In a December 2012 post to the TechNews blog, Deetra Wiley wrote about web accessibility and the importance of insuring that university websites and web services are available to everyone, but the requirements of accessibility are not restricted only to the administrative side of the university. We also have an obligation to insure that academic resources are accessible.
The university’s course management system, Blackboard Learn+, is fully compliant with Section 508 of the Rehabilitation Act issued by the US federal government and with the a Web Content Accessibility Guidelines 2.0 (WCAG) issued by the international World Wide Web Consortium (W3C). Unfortunately that compliance does not eliminate the need for instructors to post compliant and accessible instructional materials to their Blackboard courses, particularly if that resource is only available via the web.
What does that mean for Instructors?
Accessibility in the classroom, whether traditional or online, is recommended regardless of whether a student has reported a disability to the instructor or not. Often students will not report their disability to their instructor because of social pressure or personal concerns. To provide access for those students, or to insure that your course is already accessible when a future student with a disability enrolls, instructors should integrate the three principles of Universal Design for Learning when creating instructional materials and assignments. Allow for a variety of ways for students to access the course content and to communicate their understanding of the content, consider differences in learning styles and be aware of accessibility issues from the outset when designing your course. Incorporating these principles will result in a classroom environment that allows students with a variety of abilities and differing strengths to participate and gain knowledge and skills equally, while eliminating barriers. The expectation for equal access to classroom resources applies to every course no matter the mode of instruction. Instructors who utilize web-resources to supplement their live class or to teach a fully online course have an increased burden to provide accessible resources, particularly if the resource is only available on the web.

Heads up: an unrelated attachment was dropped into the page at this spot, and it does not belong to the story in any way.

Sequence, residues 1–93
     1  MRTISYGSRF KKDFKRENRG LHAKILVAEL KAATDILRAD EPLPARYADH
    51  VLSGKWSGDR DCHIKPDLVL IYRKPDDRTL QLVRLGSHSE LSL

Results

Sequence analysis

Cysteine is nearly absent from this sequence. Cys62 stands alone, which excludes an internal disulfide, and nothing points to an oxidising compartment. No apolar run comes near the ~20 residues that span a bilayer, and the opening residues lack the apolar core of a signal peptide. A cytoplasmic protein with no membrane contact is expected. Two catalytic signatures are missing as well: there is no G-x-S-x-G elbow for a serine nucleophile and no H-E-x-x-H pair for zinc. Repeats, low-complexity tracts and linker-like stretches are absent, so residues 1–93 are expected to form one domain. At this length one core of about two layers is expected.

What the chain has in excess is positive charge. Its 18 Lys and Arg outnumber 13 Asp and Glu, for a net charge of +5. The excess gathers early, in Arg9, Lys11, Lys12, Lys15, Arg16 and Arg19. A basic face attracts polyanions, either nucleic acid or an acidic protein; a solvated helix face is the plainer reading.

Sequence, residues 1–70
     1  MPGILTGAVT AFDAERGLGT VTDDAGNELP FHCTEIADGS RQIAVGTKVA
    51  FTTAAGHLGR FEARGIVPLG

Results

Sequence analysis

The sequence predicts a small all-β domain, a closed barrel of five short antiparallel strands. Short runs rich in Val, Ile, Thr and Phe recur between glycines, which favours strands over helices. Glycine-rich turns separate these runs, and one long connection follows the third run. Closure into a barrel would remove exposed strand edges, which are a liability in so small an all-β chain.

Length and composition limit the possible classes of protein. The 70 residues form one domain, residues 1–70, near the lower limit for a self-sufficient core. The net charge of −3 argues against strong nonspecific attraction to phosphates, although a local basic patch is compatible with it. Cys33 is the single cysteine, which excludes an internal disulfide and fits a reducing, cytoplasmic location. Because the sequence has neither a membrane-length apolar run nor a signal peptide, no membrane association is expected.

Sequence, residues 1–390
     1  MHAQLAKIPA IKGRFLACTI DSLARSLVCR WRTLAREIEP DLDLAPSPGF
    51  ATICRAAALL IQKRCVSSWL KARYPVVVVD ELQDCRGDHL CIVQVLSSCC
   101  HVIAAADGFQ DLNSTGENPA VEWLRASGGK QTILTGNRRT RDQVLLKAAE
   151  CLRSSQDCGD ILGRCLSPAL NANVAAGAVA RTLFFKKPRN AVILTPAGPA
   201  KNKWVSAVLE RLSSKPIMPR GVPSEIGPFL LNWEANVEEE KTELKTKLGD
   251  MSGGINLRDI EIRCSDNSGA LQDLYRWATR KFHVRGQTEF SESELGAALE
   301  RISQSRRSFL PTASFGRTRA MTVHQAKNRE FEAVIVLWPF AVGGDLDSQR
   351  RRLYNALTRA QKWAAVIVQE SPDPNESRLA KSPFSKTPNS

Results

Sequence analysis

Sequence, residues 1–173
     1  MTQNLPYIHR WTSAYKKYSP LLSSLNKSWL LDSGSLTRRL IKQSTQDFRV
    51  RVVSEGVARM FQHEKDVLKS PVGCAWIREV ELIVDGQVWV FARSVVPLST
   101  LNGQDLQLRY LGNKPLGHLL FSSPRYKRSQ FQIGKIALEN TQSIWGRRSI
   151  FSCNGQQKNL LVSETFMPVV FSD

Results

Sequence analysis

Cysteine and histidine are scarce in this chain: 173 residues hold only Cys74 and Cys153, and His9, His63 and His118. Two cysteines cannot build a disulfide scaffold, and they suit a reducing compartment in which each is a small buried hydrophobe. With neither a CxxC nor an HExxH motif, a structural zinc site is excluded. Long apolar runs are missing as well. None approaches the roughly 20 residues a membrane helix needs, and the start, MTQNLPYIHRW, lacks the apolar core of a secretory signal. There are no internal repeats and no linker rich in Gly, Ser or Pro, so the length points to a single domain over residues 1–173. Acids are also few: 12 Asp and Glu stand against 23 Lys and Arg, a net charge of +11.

Recommendations for Accessibility in the Classroom
- When considering new textbooks or instructional materials ask the publisher for information about the accessibility of the materials and if they are available electronically.
- When photocopying articles for use in the classroom avoid black edges and make the quality as high as possible.
- When showing videos in the classroom turn on closed captioning, or if listening to audio files have a transcript available.
- If you post your syllabus or an article in Blackboard, be sure that it is available as text, or link to the digital version of the article through the library’s website.
- When linking to videos through Blackboard that are required viewing for students, be sure that the video has closed captioning. The text in the captioning should be the same as, or very similar to what is being said and heard in the video.
- Any required links to audio files should also include a transcript file.
We all share responsibility for insuring equal access to resources for our students, whether in the classroom, on the web or in other less formal educational settings. Whenever we’re deciding which resources to use in our courses, accessibility should always be part of the process. Over the next year the Offices of Student Disability Services, Information Technology, and Online Learning will be working together to provide opportunities for the faculty and the university community to learn more about best practices for incorporating accessibility requirements into our classrooms and our institution.